How much of your life can a phone thief steal?

With our wallets, banking apps and passwords all stored on mobiles, we’re more vulnerable than ever!

Imagine walking down a busy city street, minding your own business, with your mobile phone in hand. Perhaps you’re following Google Maps or searching for your train ticket. When suddenly someone zooms past you on a bike and snatches your phone in the blink of an eye.

Do you chase after them? It’s unlikely you’ll catch up, especially once you’re over the initial shock. But with how much personal data is stored on our phones nowadays, it could be a much more costly crime than the price of a new phone for you.

Whether you’re a big city resident, or travelling this summer, anyone could be vulnerable to this kind of attack. Phone theft is rising at a rapid pace, with criminal gangs exploiting the lucrative value of all our personal financial information.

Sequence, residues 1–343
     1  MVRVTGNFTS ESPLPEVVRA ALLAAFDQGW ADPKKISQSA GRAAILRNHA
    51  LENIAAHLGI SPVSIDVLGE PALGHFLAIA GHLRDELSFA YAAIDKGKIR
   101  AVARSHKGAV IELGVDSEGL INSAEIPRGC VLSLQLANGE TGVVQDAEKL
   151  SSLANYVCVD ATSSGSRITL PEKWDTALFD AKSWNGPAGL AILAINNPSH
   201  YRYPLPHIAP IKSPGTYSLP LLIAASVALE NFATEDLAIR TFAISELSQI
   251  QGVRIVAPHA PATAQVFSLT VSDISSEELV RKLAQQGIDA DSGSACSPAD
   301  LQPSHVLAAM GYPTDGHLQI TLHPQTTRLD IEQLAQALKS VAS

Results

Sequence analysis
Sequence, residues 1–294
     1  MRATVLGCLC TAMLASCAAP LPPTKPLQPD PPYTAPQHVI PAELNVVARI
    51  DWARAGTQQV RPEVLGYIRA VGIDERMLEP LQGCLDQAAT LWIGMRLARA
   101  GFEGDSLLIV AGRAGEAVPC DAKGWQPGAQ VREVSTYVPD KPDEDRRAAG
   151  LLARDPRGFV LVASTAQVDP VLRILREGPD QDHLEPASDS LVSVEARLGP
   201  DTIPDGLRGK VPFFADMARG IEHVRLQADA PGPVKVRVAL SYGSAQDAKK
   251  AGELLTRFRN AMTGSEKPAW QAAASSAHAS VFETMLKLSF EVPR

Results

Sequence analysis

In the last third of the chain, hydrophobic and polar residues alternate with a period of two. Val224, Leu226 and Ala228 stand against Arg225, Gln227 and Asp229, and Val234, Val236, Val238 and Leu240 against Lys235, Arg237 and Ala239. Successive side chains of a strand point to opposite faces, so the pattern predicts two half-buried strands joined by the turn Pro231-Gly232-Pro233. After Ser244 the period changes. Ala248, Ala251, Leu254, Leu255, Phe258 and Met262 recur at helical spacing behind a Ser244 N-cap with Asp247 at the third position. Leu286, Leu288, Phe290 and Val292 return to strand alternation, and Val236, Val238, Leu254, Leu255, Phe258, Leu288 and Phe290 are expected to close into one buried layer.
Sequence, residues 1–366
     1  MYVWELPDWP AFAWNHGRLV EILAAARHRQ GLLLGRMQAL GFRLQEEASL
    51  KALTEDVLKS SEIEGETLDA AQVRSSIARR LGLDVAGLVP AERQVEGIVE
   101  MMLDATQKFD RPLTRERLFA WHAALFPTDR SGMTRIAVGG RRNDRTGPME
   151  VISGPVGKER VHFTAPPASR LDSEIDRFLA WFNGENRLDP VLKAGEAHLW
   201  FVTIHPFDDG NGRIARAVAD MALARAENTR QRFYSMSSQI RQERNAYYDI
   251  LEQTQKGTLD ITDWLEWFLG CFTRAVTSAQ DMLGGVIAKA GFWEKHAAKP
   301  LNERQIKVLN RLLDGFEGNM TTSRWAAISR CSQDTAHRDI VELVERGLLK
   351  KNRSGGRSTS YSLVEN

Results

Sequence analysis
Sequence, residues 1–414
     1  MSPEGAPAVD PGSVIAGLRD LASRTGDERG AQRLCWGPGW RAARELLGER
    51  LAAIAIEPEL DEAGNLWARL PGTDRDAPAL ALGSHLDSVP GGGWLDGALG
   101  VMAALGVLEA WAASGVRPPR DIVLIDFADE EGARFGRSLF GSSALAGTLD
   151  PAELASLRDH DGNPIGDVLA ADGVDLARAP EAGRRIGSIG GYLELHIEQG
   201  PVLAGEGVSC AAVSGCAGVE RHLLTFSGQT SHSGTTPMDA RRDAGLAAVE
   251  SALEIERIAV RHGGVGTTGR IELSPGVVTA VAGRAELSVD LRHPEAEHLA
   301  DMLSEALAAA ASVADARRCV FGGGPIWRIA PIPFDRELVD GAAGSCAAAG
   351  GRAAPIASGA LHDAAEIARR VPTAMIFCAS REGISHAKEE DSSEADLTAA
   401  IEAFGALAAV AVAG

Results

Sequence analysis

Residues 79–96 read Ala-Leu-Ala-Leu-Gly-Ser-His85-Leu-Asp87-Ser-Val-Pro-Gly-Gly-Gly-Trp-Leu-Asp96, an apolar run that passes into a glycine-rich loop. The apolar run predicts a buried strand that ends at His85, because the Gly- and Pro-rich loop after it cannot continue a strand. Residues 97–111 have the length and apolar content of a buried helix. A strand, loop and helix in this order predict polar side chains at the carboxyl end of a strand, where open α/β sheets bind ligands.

Why do thieves want our phones?

With a new smart phone going for around £250-500, and resale value likely less than that, what’s really in it for these criminal gangs? There’s been large increases in phone theft in the last year, as criminals know they can generate much more if they can compromise your security settings and monetise your data.

For criminal gangs, phone theft requires less effort and violence than other organised crime, with a lower chance of getting caught, and lower penalties if they even do. The amount of money gangs can make is potentially much higher, especially if they can use your phone to crack your digital life open.